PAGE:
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The Monkey – Swinging Through The Interview Questions

Posted by Carolyn Thompson on Jun 27, 2014 in Interviewing Skills

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Interviewing Questions Series: 5-6 of 29 Monkey2

Answers to popular (and sometimes tricky) questions you might hear in your next interview. Suggestions and requests are welcome in the comments. If you are currently a job seeker, a great way to help you prepare for the interview is to prepare a brief answer to all of the questions here. Download all of the questions here: Interview Prep Guide.

What led you to leave your current job?

If you are currently employed and a recruiter calls you, you don’t necessarily have to find something glaringly wrong with your current employer or work scenario to consider the position(s) they describe. You can actually focus on the positives of why this new company/role is of great interest to you. Perhaps it offers you something new to learn or an innovative way to apply your talents to the benefit of the new organization. Surrounding yourself with new people you can learn from is also considered a positive reason for seeking a job change.

If you are discontent or unhappy at your current employer, do your best to avoid speaking poorly about your boss, the company, the business strategy, the work environment, or politics that may be at play causing your to seek a new position. You never know who knows whom, so keep it light. You could be walking into the office of the spouse of someone you work with. People gravitate toward positive energy, so focus on the good rather than looking for negative reasons to leave your current job.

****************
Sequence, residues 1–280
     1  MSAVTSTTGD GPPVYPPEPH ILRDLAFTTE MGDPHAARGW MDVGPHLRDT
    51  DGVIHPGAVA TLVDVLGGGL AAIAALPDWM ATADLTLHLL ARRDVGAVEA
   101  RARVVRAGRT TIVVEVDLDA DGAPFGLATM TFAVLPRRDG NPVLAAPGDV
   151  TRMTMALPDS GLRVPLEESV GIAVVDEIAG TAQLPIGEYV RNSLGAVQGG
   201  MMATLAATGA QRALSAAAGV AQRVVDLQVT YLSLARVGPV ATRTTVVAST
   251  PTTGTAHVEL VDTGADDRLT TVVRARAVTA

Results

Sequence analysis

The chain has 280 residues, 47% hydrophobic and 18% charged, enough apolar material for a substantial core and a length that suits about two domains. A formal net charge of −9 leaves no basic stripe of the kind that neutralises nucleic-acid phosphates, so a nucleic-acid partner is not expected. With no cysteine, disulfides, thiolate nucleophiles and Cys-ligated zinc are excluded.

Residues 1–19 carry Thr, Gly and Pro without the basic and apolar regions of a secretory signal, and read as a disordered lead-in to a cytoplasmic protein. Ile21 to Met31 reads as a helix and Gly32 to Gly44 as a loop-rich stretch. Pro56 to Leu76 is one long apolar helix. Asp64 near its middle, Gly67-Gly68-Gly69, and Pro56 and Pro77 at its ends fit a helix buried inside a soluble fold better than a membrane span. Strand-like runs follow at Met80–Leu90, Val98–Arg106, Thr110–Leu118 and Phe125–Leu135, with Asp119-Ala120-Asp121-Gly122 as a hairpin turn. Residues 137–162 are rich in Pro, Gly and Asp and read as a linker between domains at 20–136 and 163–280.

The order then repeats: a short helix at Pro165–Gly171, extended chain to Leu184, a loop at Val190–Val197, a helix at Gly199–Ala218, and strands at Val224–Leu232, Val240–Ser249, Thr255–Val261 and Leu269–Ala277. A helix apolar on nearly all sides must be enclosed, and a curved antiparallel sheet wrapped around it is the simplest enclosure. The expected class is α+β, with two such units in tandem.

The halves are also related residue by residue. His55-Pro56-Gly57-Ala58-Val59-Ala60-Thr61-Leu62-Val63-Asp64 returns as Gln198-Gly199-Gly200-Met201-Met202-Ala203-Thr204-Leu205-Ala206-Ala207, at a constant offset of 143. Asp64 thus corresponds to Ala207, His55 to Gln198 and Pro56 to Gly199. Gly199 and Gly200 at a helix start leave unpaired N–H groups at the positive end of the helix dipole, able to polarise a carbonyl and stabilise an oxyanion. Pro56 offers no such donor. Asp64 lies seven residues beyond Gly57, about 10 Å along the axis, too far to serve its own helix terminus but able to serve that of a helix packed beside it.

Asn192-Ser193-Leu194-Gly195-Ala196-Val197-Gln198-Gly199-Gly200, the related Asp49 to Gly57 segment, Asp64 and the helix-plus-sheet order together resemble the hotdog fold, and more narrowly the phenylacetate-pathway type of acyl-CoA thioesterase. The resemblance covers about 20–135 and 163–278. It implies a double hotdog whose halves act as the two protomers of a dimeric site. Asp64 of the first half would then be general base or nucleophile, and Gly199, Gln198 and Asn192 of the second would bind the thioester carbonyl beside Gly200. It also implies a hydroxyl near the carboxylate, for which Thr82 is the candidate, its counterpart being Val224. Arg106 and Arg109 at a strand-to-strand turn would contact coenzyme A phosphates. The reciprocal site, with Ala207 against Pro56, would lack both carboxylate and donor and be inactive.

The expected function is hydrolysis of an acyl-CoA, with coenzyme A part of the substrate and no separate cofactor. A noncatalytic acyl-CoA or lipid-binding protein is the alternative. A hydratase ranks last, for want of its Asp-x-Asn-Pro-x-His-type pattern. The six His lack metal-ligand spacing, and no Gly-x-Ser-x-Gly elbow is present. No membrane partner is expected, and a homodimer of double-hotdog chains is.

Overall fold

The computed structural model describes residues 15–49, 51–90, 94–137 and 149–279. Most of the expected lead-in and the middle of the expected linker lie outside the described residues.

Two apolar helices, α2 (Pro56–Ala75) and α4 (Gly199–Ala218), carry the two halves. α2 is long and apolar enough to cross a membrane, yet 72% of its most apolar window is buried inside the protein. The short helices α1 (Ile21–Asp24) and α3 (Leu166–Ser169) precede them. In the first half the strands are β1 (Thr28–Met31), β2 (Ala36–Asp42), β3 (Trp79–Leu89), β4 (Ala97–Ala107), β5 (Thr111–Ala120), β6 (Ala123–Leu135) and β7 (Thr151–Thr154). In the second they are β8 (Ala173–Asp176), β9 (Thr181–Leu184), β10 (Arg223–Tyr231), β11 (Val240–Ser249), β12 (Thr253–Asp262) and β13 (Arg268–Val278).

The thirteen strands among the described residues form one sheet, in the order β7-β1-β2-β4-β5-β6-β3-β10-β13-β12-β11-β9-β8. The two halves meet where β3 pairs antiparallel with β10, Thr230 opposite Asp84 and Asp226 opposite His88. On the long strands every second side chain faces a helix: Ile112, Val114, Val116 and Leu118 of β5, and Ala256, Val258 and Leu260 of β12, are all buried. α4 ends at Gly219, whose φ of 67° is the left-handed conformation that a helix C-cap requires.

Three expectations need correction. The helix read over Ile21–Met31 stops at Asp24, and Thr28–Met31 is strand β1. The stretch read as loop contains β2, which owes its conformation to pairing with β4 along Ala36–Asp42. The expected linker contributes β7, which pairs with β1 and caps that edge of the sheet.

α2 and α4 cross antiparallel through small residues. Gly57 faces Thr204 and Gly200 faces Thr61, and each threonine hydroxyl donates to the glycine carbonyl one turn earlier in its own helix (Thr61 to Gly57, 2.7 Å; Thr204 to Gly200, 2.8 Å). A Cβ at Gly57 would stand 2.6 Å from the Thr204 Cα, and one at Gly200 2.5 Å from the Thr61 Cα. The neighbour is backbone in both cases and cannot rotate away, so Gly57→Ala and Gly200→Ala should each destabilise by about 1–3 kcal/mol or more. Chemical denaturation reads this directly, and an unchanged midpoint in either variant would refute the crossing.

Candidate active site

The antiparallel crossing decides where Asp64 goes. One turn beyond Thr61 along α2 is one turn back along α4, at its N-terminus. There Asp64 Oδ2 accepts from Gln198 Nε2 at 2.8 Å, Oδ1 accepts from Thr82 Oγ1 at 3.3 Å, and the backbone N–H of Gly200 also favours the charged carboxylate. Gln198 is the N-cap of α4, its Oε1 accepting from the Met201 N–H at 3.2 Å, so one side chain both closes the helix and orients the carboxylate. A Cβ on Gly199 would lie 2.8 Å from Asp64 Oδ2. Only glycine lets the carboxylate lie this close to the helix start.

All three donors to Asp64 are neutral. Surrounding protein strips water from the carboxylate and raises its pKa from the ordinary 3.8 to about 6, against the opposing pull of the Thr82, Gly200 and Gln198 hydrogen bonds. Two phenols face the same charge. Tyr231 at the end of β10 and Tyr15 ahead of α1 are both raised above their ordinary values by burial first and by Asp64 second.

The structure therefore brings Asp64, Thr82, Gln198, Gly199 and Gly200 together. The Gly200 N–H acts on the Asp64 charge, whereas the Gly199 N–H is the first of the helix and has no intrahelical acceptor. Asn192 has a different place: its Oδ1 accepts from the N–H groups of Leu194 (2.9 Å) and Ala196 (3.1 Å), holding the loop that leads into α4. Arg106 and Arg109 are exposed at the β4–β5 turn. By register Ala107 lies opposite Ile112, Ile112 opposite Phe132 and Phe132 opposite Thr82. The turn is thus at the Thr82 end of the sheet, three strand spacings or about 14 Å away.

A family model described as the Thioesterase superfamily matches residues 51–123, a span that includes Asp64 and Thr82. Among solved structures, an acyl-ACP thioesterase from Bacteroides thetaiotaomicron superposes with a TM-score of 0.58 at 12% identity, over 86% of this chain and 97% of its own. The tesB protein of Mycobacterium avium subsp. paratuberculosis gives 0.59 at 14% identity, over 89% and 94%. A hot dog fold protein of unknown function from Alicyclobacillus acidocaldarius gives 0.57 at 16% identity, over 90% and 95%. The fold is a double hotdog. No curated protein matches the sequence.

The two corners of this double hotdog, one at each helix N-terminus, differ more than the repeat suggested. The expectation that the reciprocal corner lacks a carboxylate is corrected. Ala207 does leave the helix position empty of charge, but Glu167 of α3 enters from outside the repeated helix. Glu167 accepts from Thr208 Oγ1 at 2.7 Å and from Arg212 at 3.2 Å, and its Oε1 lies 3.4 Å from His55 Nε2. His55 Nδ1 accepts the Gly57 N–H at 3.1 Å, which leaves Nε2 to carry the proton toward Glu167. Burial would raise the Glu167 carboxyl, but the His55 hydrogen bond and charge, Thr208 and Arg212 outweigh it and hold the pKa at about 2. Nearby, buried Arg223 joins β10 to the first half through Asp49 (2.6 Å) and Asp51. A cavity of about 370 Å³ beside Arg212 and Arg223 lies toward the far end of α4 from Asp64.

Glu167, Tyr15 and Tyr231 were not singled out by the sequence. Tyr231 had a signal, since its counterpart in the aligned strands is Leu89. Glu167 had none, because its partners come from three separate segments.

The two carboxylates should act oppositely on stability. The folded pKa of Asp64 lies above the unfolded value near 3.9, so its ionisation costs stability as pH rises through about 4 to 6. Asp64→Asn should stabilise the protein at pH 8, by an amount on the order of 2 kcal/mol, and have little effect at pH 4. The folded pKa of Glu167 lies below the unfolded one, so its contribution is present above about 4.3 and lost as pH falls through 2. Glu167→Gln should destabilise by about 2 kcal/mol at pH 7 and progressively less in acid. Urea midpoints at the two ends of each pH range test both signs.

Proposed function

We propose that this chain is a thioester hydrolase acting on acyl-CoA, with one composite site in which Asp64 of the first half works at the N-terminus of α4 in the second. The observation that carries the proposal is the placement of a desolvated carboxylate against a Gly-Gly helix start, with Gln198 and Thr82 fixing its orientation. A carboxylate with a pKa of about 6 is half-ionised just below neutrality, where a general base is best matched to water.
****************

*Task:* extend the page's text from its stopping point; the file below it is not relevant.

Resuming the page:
If you are no longer employed, you will need to be comfortable discussing why you left; especially if it wasn’t by choice. Being let go or transitioned out of a job is a very difficult emotional experience, particularly when you didn’t see it coming. Take some time to reflect on what you could have done differently and what will be important to you going forward so that you can find a positive reason for the separation. Even if it is only in your mind, this will make it easier to discuss in an interview. If you really did make a grievous error and were let go for cause, it’s ok. As long as you can admit to your mistake, know what you need to do to avoid that mistake in the future and be comfortable discussing it factually rather than emotionally, you can get past it.

“When would you be able to start?”

“Within 2 week of acceptance of an offer” is a good place to start when you are still at the interview stage. If you know you need to give 3 weeks at your current employer, then tell the recruiter. What you don’t want to do is get into particulars about your summer vacation plans, your prepaid cruise trip, holiday trips with your family that you always go on and couldn’t possibly miss, or that you will need 2 weeks off for you wedding or your kids’ wedding at a certain point. These are all topics that can be broached AFTER you start. It’s normal for people to have life plans; everyone does. Be aware that you may have to take some of that time off without pay if you haven’t accrued enough personal paid time off.

Plans like this are not something you bring up until you have a written offer in hand and a better understanding of the job cycles and how they correlate with your vacation plans. Many cruises can be rebooked for another date if they coincide with a major deliverable or a beach house deposit can often be moved to another week should need be.

 

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The Smart Animals – Un- Or Underemployed? Building Skills Through Self-Education

Posted by Carolyn Thompson on Jan 19, 2011 in Job Search, Self Improvement, Thinking Positive